clock menu more-arrow no yes mobile

Filed under:

Enter McKenzie Mills

A look into who the Marlins acquired in the Justin Bour trade and what we can expect from him in the future.

Mills pitching for High-A Clearwater on June 24
Photo by @Threshers/Twitter

The day has finally come. Justin Bour is no longer a Marlin. We knew it would come and we always wondered, “What would be the return for Bour?”

His name is McKenzie Mills. The right-hander seems ready to contribute to the Marlins rebuild:

This trade gives Mills an opportunity to legitimately be considered for a spot on an MLB staff. With the growing pool of pitching talent the Marlins are acquiring, he may add real value to the organization.

Let’s dive in and investigate the new catch, McKenzie Mills.

McKenzie Mills is a 22-year-old pitcher that was drafted in the 18th round by the Washington Nationals out of Atlanta, Georgia. He seems like a high-character kid who loves the game if you peek at his Twitter feed.

Being a lefty listed at 6-foot-4 and 210 pounds (almost definitely heavier), people will always be interested in him. One thing you notice immediately is his projectable frame, which presents the possibility of further increasing his velocity. His age quells some of that expectation, though.

Take a look at some tape on Mills from April of this year:

In the video, courtesy of 2080 Baseball, you’ll see a lefty with a very repeatable delivery that gets great extension from the beginning of his wind-up til releasing the ball. He does hide the ball well and this makes for a nice outcome when he is controlling his fastball and setting up hitters.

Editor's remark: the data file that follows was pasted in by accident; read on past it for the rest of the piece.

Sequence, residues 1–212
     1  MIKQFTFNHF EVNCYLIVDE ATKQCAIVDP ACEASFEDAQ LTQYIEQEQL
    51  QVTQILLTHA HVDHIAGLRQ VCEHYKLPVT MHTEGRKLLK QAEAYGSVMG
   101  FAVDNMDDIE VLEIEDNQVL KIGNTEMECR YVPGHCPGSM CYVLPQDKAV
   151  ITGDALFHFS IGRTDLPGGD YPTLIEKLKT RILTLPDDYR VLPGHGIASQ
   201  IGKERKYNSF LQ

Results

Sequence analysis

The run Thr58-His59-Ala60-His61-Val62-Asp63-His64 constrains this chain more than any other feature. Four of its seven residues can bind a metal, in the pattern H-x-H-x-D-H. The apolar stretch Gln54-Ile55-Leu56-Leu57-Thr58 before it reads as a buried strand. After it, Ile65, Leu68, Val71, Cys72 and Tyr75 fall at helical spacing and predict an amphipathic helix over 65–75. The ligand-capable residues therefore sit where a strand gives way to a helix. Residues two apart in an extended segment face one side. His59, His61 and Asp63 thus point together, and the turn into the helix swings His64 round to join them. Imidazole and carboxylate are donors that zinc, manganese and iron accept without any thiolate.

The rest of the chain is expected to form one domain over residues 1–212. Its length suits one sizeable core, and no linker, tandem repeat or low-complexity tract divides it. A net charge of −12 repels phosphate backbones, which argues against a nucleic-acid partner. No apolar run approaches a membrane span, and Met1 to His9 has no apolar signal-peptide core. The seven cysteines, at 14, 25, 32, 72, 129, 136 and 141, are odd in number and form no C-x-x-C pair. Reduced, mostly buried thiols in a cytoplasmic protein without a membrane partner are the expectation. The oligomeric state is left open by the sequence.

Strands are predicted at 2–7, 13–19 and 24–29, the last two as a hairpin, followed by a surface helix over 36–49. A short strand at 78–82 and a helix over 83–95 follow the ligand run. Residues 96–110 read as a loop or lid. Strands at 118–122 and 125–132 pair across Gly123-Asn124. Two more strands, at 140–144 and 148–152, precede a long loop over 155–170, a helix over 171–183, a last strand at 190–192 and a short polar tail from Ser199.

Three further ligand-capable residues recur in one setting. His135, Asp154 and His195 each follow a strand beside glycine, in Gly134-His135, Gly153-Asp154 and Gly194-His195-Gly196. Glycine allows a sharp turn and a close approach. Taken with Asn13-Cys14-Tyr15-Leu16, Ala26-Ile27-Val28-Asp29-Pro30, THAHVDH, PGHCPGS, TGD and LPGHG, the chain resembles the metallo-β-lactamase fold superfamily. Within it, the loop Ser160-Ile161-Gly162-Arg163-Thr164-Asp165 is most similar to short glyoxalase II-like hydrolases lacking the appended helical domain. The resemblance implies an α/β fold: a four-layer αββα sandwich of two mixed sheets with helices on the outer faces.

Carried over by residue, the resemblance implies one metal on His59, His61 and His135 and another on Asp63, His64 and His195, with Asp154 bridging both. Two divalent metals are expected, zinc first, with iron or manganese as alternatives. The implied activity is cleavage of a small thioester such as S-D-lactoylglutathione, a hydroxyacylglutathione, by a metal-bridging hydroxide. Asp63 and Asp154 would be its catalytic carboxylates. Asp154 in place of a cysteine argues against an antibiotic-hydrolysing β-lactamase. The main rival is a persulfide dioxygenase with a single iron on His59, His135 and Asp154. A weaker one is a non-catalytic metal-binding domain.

He has slight cutting action on his fastball (90-92 mph) and this will help him particularly against righties. He shows a solid change (76-80) that he plays well off his fastball. He can throw his change for strikes or throw it just off the zone to leave hitters in between. Working those two pitches in tandem is the best-case scenario for Mills as his curve looks like it will never be a plus pitch and will struggle to be average. He clearly will have to work on his curve to add the third offering requisite of a MLB starter. In addition to the third pitch, he will need to show the same command of ALL of his pitches, like he has at lower levels, in order to have success.

Something that has been concerning is his fly ball rate this year, which sits at 54%. On the flip side, some positives are his .254 BAA and 9% walk rate. Those are OK. The fly balls haven’t hurt him as he has only given up 7 HR in 89 innings.

His stuff is extremely average so, again, I cannot emphasize enough how important it will be that he refine his lower-level command to have any value as he moves up. Advancing from the pitcher-friendly Florida State League to the Southern League—he’s been assigned to Double-A Jacksonville—will force him to adjust.

Projected Outcome

Mills fits the profile of a spot starter/long-relief guy on a major league team. But let’s say he ticks up a little, he could definitely be a back-end rotation candidate. With this in mind, I still find it hard to believe he will add velocity as he is showing some size and may lose even more athleticism in his delivery as he ages.

The return for Bour may seem underwhelming to many, but Mills is only 22 and he will likely be pushed aggressively (as evidenced by his jump to Jacksonville). Expect him to spend most of 2019 at Double-A, and if he can show success, settle into a steady role at the highest level. Pitching depth is critical to building a contending team, so don’t overlook this prospect, even if he comes up short of his ceiling.

And one more thing...We want anyone that is willing to RE2PECT the Process to stick around for a long, long time. It seems like McKenzie Mills gets it. Easy to root for.